Pairing top students with top shops to preserve the craft and build careers
THE GOAL of the Hagerty Education Program at America’s Car Museum (HEP) has always been to get young people interested and involved in the old cars we love through education and first-hand experience. Nowhere is that more apparent than at Keith Flickinger’s shop, Precision Motor Cars, in Allentown, Pennsylvania. Flickinger is curator of the America’s Car Museum Collection and chief caretaker of the Nicola Bulgari Collection. As a master craftsman in the classic car hobby, he’s also hosting the HEP’s first-ever apprentice.
The Apprenticeship Program was developed by the HEP board and its chairman, America’s Car Museum President and CEO David Madeira. “As we talked with students and with professionals in the field, we realized that students need more direct ‘in shop’ training than traditional programs can provide,” he says.
The first beneficiary of the program is 25-yearold Ryan Levesque. As a business major at Pennsylvania College of Technology, Ryan got bitten by the car bug in his final semester, when he enrolled in an automotive paint and bodywork course. He graduated but soon returned for another two years as one of the first students in the school’s new Automotive Restoration Technology program.
He met Flickinger at Amelia Island in 2014 and the two stayed in touch. Then the six-month apprenticeship opportunity came about, and it’s been valuable for both men. And if the program continues, it could have a positive long-term impact on the industry at large.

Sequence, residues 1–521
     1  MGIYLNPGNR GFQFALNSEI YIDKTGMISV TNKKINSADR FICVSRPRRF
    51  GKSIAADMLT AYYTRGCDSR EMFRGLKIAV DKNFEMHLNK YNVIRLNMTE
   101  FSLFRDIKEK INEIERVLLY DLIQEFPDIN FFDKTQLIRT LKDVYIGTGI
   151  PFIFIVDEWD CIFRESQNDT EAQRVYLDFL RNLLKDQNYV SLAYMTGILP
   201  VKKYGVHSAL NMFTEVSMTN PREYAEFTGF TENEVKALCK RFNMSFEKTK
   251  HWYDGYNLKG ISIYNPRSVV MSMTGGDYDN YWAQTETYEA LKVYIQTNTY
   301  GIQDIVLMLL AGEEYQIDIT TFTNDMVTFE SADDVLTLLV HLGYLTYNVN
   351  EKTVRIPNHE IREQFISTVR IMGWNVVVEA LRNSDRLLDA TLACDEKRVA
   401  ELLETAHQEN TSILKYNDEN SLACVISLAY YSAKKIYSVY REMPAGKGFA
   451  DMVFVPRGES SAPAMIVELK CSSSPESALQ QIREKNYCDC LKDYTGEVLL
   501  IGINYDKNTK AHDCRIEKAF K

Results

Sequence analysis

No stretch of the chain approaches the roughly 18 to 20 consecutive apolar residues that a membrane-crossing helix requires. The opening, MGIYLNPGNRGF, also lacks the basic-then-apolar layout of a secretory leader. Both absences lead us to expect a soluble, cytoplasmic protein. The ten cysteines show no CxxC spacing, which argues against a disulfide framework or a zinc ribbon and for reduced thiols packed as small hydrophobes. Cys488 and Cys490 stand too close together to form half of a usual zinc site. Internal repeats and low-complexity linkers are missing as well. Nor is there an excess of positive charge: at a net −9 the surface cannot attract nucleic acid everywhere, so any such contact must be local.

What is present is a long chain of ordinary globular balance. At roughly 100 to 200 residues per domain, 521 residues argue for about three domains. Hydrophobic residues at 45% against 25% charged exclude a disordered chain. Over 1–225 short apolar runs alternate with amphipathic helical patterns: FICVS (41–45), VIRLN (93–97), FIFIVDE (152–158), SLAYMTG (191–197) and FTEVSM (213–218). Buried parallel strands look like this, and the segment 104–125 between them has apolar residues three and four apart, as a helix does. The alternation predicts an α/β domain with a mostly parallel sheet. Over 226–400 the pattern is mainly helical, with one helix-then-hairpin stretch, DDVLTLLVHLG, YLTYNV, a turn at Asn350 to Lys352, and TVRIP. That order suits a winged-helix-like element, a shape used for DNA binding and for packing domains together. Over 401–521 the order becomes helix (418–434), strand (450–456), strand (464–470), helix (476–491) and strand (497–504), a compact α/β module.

Flickinger provides room and board, along with a small stipend, and in exchange Ryan is getting practical, real-world experience with a variety of classic cars. “I’m exposed to so much here,” he says. “My first project was complete disassembly of a 1940 Graham — bagging bolts, tagging every piece.”
For his part, Flickinger understands the importance of keeping skilled hands on deck. “I wanted to give back to a hobby and profession that’s given me so much pleasure,” he says. “But the biggest void is the gap between doing this stuff in school and doing it in a shop. It takes a couple years to adjust.” Making that adjustment easy is a key attribute of the program, and Flickinger has heard it firsthand. “Ryan has told me he’s learned more in these few months around the shop than he did in two years in college.”
Flickinger says no matter what Ryan does once his apprenticeship is up, he knows Ryan’s experience will benefit the profession as a whole.
Ryan is already beginning to figure out what comes next. “I’d love to be a collection curator,” he says. With his business degree and the experience he’s getting in the middle of one of the finest collections in the world, he seems well on his way.